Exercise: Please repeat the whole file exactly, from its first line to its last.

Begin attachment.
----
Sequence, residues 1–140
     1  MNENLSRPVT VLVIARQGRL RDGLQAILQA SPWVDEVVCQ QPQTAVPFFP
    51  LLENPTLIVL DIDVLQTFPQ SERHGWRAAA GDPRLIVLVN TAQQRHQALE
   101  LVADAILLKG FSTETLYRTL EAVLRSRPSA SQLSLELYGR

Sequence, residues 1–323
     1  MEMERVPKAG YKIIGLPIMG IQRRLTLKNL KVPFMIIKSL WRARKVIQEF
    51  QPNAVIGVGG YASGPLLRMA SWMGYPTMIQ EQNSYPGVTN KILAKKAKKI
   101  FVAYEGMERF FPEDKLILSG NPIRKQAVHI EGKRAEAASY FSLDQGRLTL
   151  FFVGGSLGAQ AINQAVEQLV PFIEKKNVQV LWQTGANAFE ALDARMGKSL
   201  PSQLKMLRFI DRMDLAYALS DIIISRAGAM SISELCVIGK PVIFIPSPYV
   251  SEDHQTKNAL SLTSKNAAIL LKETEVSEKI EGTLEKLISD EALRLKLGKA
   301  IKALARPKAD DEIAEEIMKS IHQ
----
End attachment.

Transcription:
Sequence, residues 1–140
     1  MNENLSRPVT VLVIARQGRL RDGLQAILQA SPWVDEVVCQ QPQTAVPFFP
    51  LLENPTLIVL DIDVLQTFPQ SERHGWRAAA GDPRLIVLVN TAQQRHQALE
   101  LVADAILLKG FSTETLYRTL EAVLRSRPSA SQLSLELYGR

Sequence, residues 1–323
     1  MEMERVPKAG YKIIGLPIMG IQRRLTLKNL KVPFMIIKSL WRARKVIQEF
    51  QPNAVIGVGG YASGPLLRMA SWMGYPTMIQ EQNSYPGVTN KILAKKAKKI
   101  FVAYEGMERF FPEDKLILSG NPIRKQAVHI EGKRAEAASY FSLDQGRLTL
   151  FFVGGSLGAQ AINQAVEQLV PFIEKKNVQV LWQTGANAFE ALDARMGKSL
   201  PSQLKMLRFI DRMDLAYALS DIIISRAGAM SISELCVIGK PVIFIPSPYV
   251  SEDHQTKNAL SLTSKNAAIL LKETEVSEKI EGTLEKLISD EALRLKLGKA
   301  IKALARPKAD DEIAEEIMKS IHQ